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  31. Unnatural Science.Catherine Z. Elgin - 1995 - Journal of Philosophy 92 (6):289-302.
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  32.  16
    With Reference to Reference.Catherine Z. Elgin - 1984 - Journal of Aesthetics and Art Criticism 42 (4):448-451.
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  33.  25
    D. M. Armstrong. A Combinatorial Theory of Possibility. Cambridge Studies in Philosophy. Cambridge University Press, Cambridge Etc. 1989, Xiii + 156 Pp. - Brian Skyrms. Tractarian Nominalism. Therein, Pp. 145–152. , Pp. 199–206.). [REVIEW]Catherine Z. Elgin - 1991 - Journal of Symbolic Logic 56 (1):352-355.
  34.  12
    Reconceptions in Philosophy and Other Arts and Sciences.Nelson Goodman & Catherine Z. Elgin - 1990 - Journal of Philosophy 87 (12):711-716.
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  35.  8
    Reconceptions in Philosophy and Other Arts and Sciences.Nelson Goodman & Catherine Z. Elgin - 1991 - Philosophy and Phenomenological Research 51 (3):710-713.
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  36. "The Legacy of" Two Dogmas".Catherine Z. Elgin - 2011 - American Philosophical Quarterly 48 (3):267.
    W. V. Quine is famous, or perhaps infamous, for his repudiation of the analytic/synthetic distinction and kindred dualisms—the necessary/contingent dichotomy and the a priori/a posteriori dichotomy. As these dualisms have come back into vogue in recent years, it might seem that the denial of the dualisms is no part of Quine's enduring legacy. Such a conclusion is unwarranted—not only because the dualisms are deeply problematic, but because "Two Dogmas of Empiricism" haunts even those who want to retain them. "Two Dogmas" (...)
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  37.  22
    Unnatural Science.Catherine Z. Elgin - 1995 - Journal of Philosophy 92 (6):289.
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  38. With Reference to Reference.Catherine Z. Elgin - 1983 - Zeitschrift für Philosophische Forschung 42 (2):336-340.
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  39. The Legacy of Nelson Goodman.Catherine Z. Elgin - 2001 - Philosophy and Phenomenological Research 62 (3):679-690.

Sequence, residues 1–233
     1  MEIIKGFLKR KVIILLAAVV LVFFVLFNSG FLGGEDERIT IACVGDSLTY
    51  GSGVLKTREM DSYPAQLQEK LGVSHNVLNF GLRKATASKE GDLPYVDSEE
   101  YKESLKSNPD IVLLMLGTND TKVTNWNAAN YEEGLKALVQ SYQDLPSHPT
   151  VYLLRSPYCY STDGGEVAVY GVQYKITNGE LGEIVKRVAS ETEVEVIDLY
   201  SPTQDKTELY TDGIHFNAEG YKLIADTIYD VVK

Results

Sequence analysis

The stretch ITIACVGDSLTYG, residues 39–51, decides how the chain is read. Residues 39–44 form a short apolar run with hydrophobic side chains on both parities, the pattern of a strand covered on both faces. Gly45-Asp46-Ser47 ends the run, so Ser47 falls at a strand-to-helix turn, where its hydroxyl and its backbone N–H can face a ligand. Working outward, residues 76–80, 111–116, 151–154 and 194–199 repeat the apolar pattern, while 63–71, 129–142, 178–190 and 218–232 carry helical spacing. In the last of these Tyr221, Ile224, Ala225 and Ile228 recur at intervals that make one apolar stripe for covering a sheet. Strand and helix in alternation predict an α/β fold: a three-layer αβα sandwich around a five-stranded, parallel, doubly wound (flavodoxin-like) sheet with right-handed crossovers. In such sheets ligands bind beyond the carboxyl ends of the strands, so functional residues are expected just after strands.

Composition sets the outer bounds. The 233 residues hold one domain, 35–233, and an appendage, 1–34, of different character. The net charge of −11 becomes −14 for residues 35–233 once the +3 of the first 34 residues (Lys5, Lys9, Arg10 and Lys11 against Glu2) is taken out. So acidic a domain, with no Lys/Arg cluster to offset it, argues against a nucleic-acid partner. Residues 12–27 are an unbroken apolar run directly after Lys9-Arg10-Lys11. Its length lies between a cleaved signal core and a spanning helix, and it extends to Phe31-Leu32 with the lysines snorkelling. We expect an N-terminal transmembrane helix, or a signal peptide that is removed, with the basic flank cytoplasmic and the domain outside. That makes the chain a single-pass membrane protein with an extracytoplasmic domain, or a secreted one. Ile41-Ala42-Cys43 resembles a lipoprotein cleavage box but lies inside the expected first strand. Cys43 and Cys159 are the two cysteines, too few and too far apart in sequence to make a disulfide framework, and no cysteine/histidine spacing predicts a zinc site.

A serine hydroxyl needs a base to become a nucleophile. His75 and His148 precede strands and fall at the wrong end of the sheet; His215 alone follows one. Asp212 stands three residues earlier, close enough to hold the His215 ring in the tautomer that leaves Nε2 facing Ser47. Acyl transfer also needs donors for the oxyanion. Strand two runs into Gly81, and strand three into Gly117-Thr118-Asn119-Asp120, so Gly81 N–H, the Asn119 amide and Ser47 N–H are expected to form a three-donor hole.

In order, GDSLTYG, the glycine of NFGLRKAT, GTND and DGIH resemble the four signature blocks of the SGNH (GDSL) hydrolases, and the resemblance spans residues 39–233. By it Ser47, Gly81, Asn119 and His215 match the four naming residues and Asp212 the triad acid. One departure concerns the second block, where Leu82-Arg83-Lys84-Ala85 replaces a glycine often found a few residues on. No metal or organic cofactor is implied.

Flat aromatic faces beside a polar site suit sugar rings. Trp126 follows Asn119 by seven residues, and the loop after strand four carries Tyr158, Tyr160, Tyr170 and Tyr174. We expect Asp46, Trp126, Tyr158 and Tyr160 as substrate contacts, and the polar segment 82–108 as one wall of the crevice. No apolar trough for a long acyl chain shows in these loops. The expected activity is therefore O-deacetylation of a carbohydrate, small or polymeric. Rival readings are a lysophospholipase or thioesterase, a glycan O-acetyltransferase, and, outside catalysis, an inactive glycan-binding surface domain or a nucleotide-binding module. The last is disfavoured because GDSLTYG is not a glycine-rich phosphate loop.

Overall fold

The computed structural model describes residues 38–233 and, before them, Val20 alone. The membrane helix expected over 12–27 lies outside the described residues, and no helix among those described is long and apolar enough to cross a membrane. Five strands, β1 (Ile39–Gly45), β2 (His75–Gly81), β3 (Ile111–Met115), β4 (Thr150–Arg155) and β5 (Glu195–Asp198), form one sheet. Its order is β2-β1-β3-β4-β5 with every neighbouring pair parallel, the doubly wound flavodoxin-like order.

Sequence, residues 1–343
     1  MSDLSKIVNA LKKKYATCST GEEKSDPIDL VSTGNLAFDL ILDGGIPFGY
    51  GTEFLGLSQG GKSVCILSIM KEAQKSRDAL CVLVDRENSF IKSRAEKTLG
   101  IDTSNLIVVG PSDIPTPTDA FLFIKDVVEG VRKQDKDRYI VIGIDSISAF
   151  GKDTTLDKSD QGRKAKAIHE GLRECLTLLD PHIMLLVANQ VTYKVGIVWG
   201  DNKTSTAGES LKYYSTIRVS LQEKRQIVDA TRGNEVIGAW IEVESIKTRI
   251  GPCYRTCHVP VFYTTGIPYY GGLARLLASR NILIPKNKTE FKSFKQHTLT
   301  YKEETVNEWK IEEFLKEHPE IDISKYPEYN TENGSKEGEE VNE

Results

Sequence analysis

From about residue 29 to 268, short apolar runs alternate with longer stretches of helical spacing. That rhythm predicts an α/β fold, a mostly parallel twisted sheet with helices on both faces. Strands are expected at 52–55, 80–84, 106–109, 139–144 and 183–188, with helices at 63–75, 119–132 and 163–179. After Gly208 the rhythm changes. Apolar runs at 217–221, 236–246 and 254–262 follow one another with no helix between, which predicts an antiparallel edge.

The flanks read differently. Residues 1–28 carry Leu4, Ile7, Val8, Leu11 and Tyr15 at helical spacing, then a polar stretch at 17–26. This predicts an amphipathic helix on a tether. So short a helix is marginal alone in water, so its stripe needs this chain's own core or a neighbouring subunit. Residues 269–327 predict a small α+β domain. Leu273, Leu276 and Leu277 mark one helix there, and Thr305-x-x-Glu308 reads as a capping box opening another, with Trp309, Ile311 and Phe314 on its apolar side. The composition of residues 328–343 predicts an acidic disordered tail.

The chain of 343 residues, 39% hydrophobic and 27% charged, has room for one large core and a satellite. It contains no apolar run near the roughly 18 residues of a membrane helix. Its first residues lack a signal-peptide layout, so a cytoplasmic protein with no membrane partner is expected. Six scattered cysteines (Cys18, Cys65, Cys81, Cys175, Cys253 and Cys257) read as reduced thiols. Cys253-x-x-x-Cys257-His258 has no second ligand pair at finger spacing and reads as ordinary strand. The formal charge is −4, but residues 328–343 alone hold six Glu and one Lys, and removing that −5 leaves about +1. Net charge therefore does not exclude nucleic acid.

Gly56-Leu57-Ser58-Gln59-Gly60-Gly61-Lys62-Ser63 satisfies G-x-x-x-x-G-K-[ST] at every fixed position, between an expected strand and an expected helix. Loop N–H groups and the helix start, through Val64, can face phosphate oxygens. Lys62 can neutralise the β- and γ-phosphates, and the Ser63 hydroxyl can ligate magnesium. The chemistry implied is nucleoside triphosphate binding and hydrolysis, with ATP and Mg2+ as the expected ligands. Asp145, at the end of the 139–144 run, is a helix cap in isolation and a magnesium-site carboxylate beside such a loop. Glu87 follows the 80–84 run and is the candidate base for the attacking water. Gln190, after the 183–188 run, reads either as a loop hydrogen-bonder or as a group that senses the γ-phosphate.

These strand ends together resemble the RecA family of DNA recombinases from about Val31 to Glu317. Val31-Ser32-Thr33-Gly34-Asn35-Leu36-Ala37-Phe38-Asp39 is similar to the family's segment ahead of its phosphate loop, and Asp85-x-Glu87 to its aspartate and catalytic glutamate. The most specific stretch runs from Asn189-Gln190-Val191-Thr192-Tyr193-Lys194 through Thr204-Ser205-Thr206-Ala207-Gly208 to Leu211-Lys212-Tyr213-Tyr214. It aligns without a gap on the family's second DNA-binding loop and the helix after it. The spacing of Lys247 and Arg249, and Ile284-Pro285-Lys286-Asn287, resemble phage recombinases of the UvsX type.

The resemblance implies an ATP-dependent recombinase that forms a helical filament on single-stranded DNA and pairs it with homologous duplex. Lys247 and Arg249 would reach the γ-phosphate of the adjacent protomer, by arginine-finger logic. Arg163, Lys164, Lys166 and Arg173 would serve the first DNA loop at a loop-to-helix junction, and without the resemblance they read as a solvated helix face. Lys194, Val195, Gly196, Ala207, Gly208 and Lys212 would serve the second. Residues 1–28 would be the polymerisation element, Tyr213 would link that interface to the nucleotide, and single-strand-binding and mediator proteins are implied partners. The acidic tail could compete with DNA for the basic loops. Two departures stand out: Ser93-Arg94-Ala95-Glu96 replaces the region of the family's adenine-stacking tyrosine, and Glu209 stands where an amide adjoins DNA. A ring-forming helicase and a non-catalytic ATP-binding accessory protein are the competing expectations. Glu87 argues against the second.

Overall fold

Nelson Goodman was one of the soaring figures of twentieth century philosophy. His work radically reshaped the subject, forcing fundamental reconceptions of philosophy’s problems, ends, and means. Goodman not only contributed to diverse fields, from philosophy of language to aesthetics, from philosophy of science to mereology, his works cut across these and other fields, revealing shared features and connecting links that narrowly focused philosophers overlook. That the author of The Structure of Appearance also wrote Languages of Art is not in (...)
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  40.  70
    Education and the Advancement of Understanding.Catherine Z. Elgin - 1999 - The Proceedings of the Twentieth World Congress of Philosophy 3:131-140.
    Understanding, as I construe it, is holistic. It is a matter of how commitments mesh to form a mutually supportive, independently supported system of thought. It is advanced by bootstrapping. We start with what we think we know and build from there. This makes education continuous with what goes on at the cutting edge of inquiry. Methods, standards, categories and stances are as important as facts. So something like E. D. Hirsch’s list of facts every fourth grader should know is (...)
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  41. 13 Skepticism Aside.Catherine Z. Elgin - 2010 - In Joseph Keim Campbell, Michael O'Rourke & Harry S. Silverstein (eds.), Knowledge and Skepticism. MIT Press. pp. 309.
     
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  42.  10